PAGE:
Alabama Barbecue Restaurants
Featured in Documentary
There are three religions in the South. On Saturdays, Southerners flock to football stadiums to cheer. On Sundays, they go to church to pray. But on any day of the week you can find Southerners engaged in the praise of good barbecue.
Alabama Public Television viewers learned about some of the state's most popular barbecue restaurants with the debut of the documentary, "A Taste of Hog Heaven" in November 2003. The documentary was broadcast again in July 2006 and July 2007.
"A Taste of Hog Heaven" doesn't purport to be a complete guide to 'cue in the state. In fact, there are no Birmingham restaurants featured, as there is a separate documentary (Holy Smoke over Birmingham) planned to explore smoked and grilled treats in the Magic City. However, the film includes behind-the-scenes looks at barbecue restaurants with loyal followings across the state.
The Bar-B-Q Place in Ft. Payne is the best barbecue place in Ft. Payne. It is also the only barbecue place in Ft. Payne. The family-owned business was started in 1984. Their fried potatoes, called JoJos, are a favorite compliment to their delicious barbecue.
Bob Gibson was a big man who made great barbecue. He started selling barbecue in his back yard in 1925. Today, Big Bob Gibson's grandson operates two restaurants in Decatur and caters events across the nation. His barbecue has received top honors at the "Memphis in May" barbecue championships for the past five years.
The Boar's Butt Restaurant in Winfield started as a barbecue stand operated by the local high school football coach. When Joe Hubbert retired from coaching, he expanded the operation to a full service restaurant offering steaks, chicken, fish, seafood, and a wide variety of vegetables as well as mouth-watering barbecued pork, chicken, and ribs. (The Boar's Butt has burned down and been rebuilt under new management since this documentary was completed. We hear it's still great!)
Little has changed at Dreamland Bar-B-Que since John "Big Daddy" Bishop opened his Tuscaloosa restaurant in 1958, but the restaurant's reputation for excellent ribs has spread nationwide and led to other locations in Birmingham, Huntsville, Mobile, and Atlanta. The Tuscaloosa restaurant is small and dark, but people come from near and far to eat pit-cooked ribs with Dreamland's special sauce.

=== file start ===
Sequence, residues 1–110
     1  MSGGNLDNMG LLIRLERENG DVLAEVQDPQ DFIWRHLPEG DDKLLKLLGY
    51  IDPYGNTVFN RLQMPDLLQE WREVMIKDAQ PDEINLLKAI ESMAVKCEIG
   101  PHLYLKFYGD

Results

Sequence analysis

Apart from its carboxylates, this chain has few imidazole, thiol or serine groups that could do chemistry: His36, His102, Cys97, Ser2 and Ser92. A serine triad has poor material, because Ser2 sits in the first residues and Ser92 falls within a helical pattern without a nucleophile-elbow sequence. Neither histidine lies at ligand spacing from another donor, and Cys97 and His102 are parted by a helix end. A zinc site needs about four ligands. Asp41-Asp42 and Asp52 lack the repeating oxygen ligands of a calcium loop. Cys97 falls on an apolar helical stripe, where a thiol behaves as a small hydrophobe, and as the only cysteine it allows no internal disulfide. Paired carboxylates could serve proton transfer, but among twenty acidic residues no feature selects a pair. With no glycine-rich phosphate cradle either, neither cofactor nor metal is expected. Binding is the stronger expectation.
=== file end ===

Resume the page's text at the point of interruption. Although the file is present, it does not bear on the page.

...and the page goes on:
Jim Lenoir bought a small barbecue stand along Highway 82 in 1975. Although it is five miles away from the nearest town, Billingsley, Jim's Pit Bar-B-Que has developed quite a following. Now operated by Jim's daughter, Jeanette, it is a favorite stopping place for truckers and other travelers between Tuscaloosa and Montgomery. It is particularly busy on University of Alabama home football days.
Sho'nuff BBQ in Alexander City started out as a bait and tackle shop. When business dropped off, owner Gerald Atchison bought a cooker and started selling barbecue. His business has continued to grow ever since but he doesn't sell worms anymore. His most popular item is the barbecue-baked potato, a large baked potato topped with a tossed salad and a generous helping of savory pork.
Sho'nuff BBQ in Alexander City welcomed us with a sign.
Pictured here are (L to R) production assistant Charles Parrish,
cinematographer Wade Woodall, and producer/director Max Shores.
The 13th Street Bar-B-Q in Phenix City isn't on 13th Street. In fact, there are four locations in east Alabama and west Georgia, and none of them are on 13th Street. If you can find one of them, you'll want to try the pork chop sandwich, a delectable slice of boneless pork tenderloin covered with a tangy mustard sauce and served on a large bun.
Located in historic Camden, The Dallas Soul Food and Barbeque Restaurant is operated by Luverne Dallas. Dallas carefully guards the recipe for his mild red BBQ sauce, but admits that it contains "a little bit of this and a little dab of that." A large selection of southern cooked vegetables is on the menu to compliment the ribs and pulled pork.
Bill Armbrecht is pretty particular about his barbecue. He opened The Brick Pit because he couldn't find good barbecue anywhere else in Mobile. He smokes chickens for 6 to 8 hours, ribs for 12 hours, and pulled pork for up to 30 hours over a blend of hickory and pecan. The results have been voted the best BBQ in Mobile for five years running by readers of the Mobile Bay Monthly.
For many Alabamians, barbecue is more than a meal. It's a way of life. If you fit that description, then "A Taste of Hog Heaven" is required viewing.
The documentary was produced by Dwight Cammeron and Max Shores of The University of Alabama Center for Public Television and Radio, a service department of the University of Alabama College of Communication. Documentaries and performance programs produced by the center air regularly on Alabama Public Television, a statewide network of nine TV stations.
To view a video trailer for "A Taste of Hog Heaven" and read the story behind the documentary, click here.
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More Southern Culture Films by Max Shores